About that time, Dell called and asked Lawrence if he would like to run their South American operations. High tech seemed to have a bright future, and at least he'd be able to get out of Mexico City, so he took the job. He decided to buy a house in Austin (since the city served as Dell headquarters) and headed to an office in Porto Alegre, a huge industrial city in the southern tip of Brazil. There he met his wife, Silvana, a pediatric cardiologist, and everything was going well. But, after 15 years of living outside of the U.S., Lawrence was starting to realize he wanted to come home. He called Dell and asked for a transfer, but they wouldn't oblige him. After working his heart out for every company, sacrificing any kind of family or social life, he had a decision to make: remain a big fish in a big pond making big bucks, or chuck it all and go home. He and Silvana moved to Austin.
There were some roadblocks. Silvana found out she wouldn't be able to practice medicine. Despite being a respected physician in Brazil, she would have to live through a full residency program all over again and seek American licensing and board certification. Lawrence had to figure out something to do for a living. Luckily, he had saved some money and decided to enroll in the LBJ School.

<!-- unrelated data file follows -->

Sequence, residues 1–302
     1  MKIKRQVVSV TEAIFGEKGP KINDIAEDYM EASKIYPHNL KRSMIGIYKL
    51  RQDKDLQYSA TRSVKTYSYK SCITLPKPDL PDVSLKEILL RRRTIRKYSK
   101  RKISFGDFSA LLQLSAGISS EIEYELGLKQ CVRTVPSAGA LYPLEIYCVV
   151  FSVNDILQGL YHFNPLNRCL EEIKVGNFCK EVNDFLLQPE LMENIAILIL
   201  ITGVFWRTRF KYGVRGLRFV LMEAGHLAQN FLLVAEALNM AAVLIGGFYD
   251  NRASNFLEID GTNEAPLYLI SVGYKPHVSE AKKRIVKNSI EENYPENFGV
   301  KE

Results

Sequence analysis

In the meantime, Lawrence's love of wine had grown. One night, he attended a wine dinner at Sullivan's and met a man who was selling Italian wines. In casual conversation, Lawrence asked him how he got into the business. It sounded pretty easy. "That," he said, "was the day I started changing careers." After a year at the LBJ School, he quit and started preparing to be a wine importer.
It was much harder than he anticipated. He spent a few months just getting together the paperwork; then the background check for his import license took more than six months. All the while, there was no money coming in, Silvana was back in training, and Lawrence started questioning whether he had done the right thing.
"I was really depressed," he said. "I kept thinking I would never find any good wines and, even if I could, I wouldn't be able to compete." Then he decided to call some of the people he had worked with in Spain and Italy and ask for help. His friends rushed to his rescue.